My son Jackson told me a few weeks ago after reading an old blog post that he's thankful I write this stuff down here, in case anyone ever wants to read it. (Tip for my kids: find more posts like this one kinda-mostly organized over here. You're welcome. Sorry it's a bit of a mess but, well… you know me.) 🙂 If you're here only for the deals, scoot on past to the next penny pinched post. ❤️
My sweet mother-in-law passed away early yesterday morning in the midst of Amazon Prime Day madness, Co-vid craziness, and my-kid-just-had-bigger-than-I-expected-surgery overwhelm. It made me take a step back and pause for a moment, and take a much needed deep breath.
I met James's mom Jennie when I was just nineteen, and she was one of so very many kind gifts God's shared with me. She taught me a few of the best things any mother-in-law could ever teach, so I'm writing them here, hoping I'll remember them myself one day. 🙂
Jennie showed me how to paint a wall, the best way to re-upholster dining room chairs and how to plan a big Thanksgiving meal.
This was Jennie fluffing up her hearth a few years ago. We had so much fun decorating together!
She showed us how to make the absolute best turkey dressing, deviled eggs, and strawberry pie.
(She actually taught my hubby how to make those things, which was way better than teaching me.)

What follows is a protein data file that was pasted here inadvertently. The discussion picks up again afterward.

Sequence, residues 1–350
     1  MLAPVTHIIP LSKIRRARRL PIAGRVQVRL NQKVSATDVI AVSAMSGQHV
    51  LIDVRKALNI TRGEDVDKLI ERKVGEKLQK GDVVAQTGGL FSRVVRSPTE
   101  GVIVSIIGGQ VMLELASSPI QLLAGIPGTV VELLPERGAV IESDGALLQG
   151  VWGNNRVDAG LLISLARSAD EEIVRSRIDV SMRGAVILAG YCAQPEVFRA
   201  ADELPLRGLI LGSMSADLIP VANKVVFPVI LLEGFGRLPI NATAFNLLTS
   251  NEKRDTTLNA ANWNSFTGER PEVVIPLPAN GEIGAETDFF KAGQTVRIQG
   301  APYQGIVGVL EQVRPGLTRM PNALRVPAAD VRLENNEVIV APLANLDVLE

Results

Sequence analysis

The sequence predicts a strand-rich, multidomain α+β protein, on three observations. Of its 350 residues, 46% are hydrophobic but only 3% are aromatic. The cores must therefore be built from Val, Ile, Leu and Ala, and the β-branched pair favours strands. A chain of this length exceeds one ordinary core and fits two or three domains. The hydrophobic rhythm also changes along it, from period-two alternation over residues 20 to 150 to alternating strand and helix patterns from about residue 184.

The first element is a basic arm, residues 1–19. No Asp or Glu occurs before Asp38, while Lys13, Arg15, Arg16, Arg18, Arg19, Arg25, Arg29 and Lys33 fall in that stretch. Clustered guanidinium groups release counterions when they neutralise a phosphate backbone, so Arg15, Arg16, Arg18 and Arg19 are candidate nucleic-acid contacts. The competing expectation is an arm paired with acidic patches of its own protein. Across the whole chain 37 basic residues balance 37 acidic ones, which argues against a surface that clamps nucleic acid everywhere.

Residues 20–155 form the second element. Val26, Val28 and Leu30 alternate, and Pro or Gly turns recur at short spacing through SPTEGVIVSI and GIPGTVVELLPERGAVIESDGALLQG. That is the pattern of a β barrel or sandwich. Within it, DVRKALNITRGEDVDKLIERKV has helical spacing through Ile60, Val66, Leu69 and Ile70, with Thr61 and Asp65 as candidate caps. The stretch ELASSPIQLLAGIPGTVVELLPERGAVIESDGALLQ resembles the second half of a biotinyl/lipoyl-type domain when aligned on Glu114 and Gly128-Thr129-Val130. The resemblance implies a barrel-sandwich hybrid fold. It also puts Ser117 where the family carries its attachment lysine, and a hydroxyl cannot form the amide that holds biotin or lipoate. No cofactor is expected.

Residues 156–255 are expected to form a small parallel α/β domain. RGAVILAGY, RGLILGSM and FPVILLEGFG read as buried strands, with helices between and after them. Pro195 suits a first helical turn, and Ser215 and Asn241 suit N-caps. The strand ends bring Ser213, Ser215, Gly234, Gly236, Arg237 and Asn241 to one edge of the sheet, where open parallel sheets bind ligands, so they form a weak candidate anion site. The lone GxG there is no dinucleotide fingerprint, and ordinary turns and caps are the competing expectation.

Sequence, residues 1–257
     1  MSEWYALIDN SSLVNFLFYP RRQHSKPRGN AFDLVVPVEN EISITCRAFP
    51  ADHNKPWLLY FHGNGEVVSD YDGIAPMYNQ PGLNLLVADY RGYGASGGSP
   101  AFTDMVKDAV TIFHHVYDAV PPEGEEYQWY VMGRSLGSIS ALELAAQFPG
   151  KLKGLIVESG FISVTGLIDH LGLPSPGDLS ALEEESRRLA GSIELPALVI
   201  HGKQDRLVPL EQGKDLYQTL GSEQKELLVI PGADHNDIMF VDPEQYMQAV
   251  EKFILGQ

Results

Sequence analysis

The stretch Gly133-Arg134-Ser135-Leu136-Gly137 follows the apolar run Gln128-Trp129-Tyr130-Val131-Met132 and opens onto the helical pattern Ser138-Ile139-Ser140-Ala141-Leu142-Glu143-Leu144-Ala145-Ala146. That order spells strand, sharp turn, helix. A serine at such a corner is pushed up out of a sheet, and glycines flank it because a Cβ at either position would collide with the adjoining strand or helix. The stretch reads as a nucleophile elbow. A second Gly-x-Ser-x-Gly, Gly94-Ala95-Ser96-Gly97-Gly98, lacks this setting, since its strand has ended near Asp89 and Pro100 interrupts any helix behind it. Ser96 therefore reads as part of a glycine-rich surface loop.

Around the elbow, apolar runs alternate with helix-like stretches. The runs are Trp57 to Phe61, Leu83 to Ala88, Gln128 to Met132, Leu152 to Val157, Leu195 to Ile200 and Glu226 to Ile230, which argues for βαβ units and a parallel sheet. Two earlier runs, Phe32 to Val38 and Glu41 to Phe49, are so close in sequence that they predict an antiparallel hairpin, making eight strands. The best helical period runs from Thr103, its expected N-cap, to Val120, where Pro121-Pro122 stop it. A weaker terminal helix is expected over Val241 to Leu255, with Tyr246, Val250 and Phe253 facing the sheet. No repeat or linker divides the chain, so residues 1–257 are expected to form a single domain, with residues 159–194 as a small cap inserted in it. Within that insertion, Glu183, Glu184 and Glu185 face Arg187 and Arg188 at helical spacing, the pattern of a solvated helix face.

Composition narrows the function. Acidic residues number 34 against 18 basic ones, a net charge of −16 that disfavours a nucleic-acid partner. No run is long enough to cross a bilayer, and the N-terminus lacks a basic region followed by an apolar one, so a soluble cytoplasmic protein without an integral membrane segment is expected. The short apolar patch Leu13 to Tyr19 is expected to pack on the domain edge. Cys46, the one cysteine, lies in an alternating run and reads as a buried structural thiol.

She helped me wallpaper, designed and built the most lovely cornice boards so our tiny ranch “felt” fancy, and spent a whopping seven hours straight cleaning out my mess of an oven right after my youngest kiddo was born.
She even taught James how to be a seriously gifted landscaper, and for that I will always be grateful. 🙂
As my husband and I were talking today, there are so very many things she taught us along the way, but these were a few of my favorite lessons she shared.
1. Learn to paint.
I can't even count how many rooms Don and Jennie helped us paint as we were fixer-upper-ing our first few homes. We painted brown-paneled walls in our first family room (she showed me KILZ worked best on stubborn-bleed-through-paint stains), wallpapered the dining room, and we spent hours and hours poring over Waverly patterns at Hancock's of Paducah searching for just the right yard of fabric on a penny-pinched budget.